Many had high expectations from the SSL/TLS certificate model. At least on paper it sounded promising and worthwhile. Keys are used to protect traffic; for this to be effective, keys shall be bound to business entities; for the binding to be trustworthy by the public, binding will be signed by Certification Authorities (CAs), which the public will recognize as authoritative. Once the trusted CA signs the binding between a business entity (represented by a domain name) and a key — every user can tell he is communicating securely with the correct entity.

In practice, it got all messed up. It is difficult to form authorization hierarchies on the global Internet, this is one thing. However, the model failed also due to the economics behind it.

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  2010-08-24

Understanding the security risk of SaaS

  By Hagai Bar-El   , 745 words
Categories: IT Security, Counter-media

Software as a Service (SaaS) is one of the hot trends in Information Technologies. “SaaS” is the name given to the concept of having applications run on the infrastructure of the service provider, rendering service to the customer over the net.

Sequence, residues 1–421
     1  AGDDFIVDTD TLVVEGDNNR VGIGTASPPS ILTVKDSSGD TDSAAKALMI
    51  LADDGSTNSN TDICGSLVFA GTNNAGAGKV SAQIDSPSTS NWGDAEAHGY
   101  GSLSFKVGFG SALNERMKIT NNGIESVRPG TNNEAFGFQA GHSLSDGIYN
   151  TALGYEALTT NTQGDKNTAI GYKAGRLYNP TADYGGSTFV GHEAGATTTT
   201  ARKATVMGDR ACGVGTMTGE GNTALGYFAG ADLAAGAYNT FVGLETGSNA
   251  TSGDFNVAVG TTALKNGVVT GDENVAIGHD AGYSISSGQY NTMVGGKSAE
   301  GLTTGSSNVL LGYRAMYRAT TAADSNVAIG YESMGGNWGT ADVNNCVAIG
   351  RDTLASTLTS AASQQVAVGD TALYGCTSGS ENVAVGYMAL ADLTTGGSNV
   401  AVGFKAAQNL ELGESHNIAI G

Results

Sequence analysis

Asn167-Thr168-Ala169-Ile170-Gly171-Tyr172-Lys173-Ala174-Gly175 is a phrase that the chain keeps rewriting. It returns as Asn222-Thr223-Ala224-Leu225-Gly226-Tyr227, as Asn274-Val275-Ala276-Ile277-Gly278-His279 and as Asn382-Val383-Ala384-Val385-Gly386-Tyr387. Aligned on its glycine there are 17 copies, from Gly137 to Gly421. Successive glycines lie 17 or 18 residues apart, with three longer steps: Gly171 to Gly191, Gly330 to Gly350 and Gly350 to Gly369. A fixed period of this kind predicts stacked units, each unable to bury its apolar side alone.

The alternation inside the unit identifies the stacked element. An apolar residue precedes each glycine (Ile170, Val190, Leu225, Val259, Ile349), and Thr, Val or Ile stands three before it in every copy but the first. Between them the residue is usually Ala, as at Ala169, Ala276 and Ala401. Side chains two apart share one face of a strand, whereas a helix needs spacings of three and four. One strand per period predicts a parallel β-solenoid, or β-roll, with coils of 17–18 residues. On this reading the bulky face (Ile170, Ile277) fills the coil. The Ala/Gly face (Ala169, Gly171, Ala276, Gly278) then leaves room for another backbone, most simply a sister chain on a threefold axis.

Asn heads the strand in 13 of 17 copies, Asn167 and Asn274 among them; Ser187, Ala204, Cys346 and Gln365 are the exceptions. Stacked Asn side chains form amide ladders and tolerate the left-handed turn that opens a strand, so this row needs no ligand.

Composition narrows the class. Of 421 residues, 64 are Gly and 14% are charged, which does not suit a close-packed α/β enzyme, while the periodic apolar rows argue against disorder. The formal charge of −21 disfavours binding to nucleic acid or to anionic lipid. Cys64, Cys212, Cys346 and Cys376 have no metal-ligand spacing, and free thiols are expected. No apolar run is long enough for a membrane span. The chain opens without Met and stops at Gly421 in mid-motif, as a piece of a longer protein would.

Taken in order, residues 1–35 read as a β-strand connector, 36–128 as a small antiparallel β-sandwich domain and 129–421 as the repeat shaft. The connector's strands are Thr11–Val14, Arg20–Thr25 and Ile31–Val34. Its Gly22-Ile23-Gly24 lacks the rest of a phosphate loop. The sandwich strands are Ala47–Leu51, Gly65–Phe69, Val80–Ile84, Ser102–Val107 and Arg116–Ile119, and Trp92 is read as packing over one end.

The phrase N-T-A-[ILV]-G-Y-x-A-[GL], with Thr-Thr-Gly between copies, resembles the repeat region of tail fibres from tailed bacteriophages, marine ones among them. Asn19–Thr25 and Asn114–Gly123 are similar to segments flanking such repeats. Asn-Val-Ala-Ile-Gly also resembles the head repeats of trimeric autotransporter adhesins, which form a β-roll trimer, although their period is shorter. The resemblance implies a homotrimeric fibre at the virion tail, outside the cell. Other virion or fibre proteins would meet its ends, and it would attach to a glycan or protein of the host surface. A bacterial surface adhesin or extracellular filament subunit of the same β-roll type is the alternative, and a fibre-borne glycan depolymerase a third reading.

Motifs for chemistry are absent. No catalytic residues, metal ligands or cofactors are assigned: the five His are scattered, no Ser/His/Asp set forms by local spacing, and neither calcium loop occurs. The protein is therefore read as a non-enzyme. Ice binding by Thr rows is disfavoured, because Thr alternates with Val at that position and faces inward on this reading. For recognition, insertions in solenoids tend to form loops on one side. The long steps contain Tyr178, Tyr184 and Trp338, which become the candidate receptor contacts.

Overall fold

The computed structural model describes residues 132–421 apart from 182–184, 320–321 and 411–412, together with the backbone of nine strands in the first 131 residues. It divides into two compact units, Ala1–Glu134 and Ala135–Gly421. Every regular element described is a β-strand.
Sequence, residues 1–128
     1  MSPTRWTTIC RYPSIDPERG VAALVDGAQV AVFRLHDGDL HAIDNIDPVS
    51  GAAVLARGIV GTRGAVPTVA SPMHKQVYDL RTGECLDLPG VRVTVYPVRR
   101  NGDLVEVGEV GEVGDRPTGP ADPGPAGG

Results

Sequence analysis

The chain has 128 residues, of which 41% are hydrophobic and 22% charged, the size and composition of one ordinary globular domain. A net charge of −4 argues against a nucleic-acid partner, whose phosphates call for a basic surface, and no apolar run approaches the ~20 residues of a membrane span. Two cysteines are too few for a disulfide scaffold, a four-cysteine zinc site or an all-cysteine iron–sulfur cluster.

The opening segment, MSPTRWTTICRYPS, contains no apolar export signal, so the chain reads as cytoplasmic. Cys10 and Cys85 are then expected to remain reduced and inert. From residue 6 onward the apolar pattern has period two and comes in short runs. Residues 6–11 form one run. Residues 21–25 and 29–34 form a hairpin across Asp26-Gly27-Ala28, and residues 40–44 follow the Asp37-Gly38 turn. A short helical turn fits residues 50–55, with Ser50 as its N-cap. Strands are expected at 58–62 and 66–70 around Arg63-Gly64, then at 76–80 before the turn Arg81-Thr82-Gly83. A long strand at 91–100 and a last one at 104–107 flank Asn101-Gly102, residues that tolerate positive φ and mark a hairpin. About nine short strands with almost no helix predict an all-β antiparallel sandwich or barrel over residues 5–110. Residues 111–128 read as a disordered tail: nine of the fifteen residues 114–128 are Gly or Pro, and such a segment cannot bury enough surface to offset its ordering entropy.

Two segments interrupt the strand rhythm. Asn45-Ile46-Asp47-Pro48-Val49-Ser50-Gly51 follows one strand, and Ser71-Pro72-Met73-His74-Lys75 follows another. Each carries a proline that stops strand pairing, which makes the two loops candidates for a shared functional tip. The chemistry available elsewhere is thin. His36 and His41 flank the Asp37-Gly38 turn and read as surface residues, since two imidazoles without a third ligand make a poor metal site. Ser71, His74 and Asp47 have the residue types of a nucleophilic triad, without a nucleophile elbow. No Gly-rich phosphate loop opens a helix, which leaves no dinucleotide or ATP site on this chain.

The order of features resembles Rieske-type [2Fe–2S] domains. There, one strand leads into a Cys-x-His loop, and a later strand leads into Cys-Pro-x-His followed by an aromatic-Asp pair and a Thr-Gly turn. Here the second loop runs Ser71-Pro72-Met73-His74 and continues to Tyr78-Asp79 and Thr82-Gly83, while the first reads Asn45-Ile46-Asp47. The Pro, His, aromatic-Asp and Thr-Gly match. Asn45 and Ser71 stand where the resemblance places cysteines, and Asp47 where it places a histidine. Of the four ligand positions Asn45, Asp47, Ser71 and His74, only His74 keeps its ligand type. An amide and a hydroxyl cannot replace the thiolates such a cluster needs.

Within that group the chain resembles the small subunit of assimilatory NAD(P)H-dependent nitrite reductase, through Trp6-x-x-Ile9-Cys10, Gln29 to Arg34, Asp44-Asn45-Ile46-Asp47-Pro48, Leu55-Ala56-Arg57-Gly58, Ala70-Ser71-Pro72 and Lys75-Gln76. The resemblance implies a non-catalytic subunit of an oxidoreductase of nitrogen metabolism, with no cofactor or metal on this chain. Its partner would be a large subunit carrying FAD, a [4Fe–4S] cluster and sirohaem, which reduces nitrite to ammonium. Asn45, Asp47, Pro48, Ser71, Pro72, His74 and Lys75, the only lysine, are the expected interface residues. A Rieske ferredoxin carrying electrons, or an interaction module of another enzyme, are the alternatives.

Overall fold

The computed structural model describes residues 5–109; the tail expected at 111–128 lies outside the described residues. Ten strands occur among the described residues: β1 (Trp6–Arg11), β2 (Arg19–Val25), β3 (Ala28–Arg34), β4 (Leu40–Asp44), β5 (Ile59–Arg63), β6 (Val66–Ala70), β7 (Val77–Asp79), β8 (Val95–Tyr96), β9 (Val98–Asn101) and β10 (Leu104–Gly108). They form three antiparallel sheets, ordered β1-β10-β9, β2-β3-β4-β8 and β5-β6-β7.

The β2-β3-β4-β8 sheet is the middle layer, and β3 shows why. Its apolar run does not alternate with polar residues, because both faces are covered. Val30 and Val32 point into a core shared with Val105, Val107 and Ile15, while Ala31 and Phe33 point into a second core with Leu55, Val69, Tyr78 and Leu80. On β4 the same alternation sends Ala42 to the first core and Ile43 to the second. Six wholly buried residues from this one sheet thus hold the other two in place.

The SaaS architecture promises lower cost of ownership, better scalability, and ease of maintenance. There are other advantages, and a few limitations as well. One of the key concerns regarding SaaS is about security. Corporate security officers claim that a security risk arises with the storage of corporate data off-site. This is probably true, but to be able to assess the risk accurately, the stakeholder needs to properly understand what the risk is exactly, and where most of this risk comes from. Following is my take on this.